Putting up a high-quality website has gotten much easier than in years past because of user-friendly Content Management Systems (CMS) such as Drupal, WordPress and Magento, and that’s great. However, the Internet itself has not gotten any more secure, and many webmasters are unsure of how to protect their sites. Here are some of the basic strategies behind keeping a website secure.
Never ignore update reminders for CMS patches, plugins or anything else. Many hacking attempts are done automatically by bots, and they are attempting to find known security weaknesses that can be breached. Staying up to date helps avoid this. Keeping current is a state of mind; you want to understand, and stay abreast with, everything in the changing worlds of technology, commerce and regulations.
While it’s convenient to host all of your websites on a single server, it’s also convenient for hackers. With all your files on the same server, once one is compromised, so are the rest. Therefore, it’s best to isolate your sites from one another; if one is infected, then you can stop the problem there, and cleanup will be limited to that one location rather than to every site you are running.
Users on your site should have permission to only the level that they need to do their work; if higher-level access is granted temporarily, it should be rescinded once the need for it is gone. Do not allow multiple users to log in under a single account because doing so means that it is difficult to figure out who did what on the network after the fact.
Furthermore, having a single account for each user allows you to monitor individual behavior and notice when someone does something on the network not normal for them. Users need to login so that there is accountability for everything that happens on the site, and this can be done automatically for their convenience.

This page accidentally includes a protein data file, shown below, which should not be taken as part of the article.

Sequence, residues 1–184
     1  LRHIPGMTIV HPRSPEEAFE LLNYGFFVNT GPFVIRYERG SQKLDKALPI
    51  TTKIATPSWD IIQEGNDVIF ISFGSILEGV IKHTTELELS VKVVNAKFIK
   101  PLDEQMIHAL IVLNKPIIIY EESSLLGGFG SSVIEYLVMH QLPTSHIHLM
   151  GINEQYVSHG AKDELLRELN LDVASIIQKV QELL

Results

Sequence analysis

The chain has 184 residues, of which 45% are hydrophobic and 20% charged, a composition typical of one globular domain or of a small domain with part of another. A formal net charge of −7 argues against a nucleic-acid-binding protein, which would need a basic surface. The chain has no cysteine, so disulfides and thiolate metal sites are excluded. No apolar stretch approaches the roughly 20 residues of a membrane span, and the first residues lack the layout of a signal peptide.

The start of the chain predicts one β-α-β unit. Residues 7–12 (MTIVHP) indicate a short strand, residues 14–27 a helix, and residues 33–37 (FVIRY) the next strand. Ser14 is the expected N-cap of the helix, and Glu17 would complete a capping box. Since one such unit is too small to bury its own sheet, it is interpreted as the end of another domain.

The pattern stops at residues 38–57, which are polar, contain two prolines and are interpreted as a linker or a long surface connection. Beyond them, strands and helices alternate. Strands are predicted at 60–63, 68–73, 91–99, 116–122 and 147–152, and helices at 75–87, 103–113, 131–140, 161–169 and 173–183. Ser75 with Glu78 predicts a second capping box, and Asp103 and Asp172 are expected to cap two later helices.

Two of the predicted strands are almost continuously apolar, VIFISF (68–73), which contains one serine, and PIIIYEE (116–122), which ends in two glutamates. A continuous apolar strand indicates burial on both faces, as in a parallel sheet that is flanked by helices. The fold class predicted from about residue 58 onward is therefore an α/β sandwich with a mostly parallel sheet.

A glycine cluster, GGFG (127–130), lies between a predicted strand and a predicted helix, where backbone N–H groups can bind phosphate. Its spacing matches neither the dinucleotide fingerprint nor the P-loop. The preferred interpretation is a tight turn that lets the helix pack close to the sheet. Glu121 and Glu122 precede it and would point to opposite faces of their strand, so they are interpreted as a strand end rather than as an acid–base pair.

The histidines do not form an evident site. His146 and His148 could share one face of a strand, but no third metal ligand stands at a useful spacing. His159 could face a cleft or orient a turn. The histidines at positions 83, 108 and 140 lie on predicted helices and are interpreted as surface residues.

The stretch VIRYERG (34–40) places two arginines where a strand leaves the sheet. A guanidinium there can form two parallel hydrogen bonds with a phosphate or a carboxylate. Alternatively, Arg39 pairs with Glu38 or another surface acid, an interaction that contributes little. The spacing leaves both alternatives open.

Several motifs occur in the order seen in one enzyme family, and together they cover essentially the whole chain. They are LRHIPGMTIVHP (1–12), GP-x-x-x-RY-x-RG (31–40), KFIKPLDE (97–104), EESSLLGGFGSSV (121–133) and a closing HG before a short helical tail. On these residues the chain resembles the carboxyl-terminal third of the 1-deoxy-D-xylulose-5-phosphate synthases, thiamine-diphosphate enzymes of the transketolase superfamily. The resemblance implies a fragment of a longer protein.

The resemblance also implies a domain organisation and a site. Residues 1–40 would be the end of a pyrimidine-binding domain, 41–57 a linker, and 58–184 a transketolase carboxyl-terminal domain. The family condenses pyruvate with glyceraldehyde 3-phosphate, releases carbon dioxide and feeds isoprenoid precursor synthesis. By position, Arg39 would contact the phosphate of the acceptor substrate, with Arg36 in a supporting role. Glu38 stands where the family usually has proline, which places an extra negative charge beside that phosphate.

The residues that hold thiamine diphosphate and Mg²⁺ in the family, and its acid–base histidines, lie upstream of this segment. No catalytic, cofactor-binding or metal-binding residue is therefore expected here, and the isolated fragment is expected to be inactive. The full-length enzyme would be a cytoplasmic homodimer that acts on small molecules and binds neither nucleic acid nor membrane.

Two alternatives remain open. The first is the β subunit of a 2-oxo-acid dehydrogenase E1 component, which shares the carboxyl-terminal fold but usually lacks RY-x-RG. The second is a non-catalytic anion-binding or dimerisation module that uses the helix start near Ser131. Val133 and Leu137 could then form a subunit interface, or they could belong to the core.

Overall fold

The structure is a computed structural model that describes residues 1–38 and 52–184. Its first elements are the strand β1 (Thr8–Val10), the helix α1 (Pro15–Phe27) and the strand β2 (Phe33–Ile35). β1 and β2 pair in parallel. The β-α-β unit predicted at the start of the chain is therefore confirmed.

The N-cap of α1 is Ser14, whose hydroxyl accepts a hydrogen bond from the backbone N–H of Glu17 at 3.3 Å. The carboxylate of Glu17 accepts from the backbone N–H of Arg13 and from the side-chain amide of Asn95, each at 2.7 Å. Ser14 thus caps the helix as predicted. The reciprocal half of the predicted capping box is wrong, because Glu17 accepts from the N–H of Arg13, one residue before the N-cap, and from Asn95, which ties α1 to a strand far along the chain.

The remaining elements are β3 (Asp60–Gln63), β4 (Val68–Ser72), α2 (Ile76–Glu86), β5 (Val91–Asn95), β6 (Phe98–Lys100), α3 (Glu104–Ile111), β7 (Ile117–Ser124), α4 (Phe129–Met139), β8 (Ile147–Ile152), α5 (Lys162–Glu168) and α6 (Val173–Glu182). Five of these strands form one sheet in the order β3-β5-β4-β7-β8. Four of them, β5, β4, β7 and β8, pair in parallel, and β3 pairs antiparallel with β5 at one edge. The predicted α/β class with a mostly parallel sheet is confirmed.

SSL stands for Secure Sockets Layer, and it encrypts data running between a web server and the browsers of users visiting it. This means that it protects your visitors, and if you are running an eCommerce website in particular where users are putting in their credit card numbers, it is a mandatory security feature. SSL protects against “man in the middle” attacks where hackers are lurking between a website and those visiting it.
Change default settings
Hackers carefully study the default settings of CRM software and automate attacks directed at them, so simply changing defaults wards off a lot of trouble. For example, a good idea is to raise the level of permission to administrator on as many of your files as possible. Many are set by default to be writable to anyone using the system.
An ounce of prevention is worth a pound of cure, and nowhere is this more true than when it comes to application protection. Plan for the worst, and you’ll be ready. In the unfortunate event that your site is compromised, make sure that you are automatically backing up off-site at regular intervals.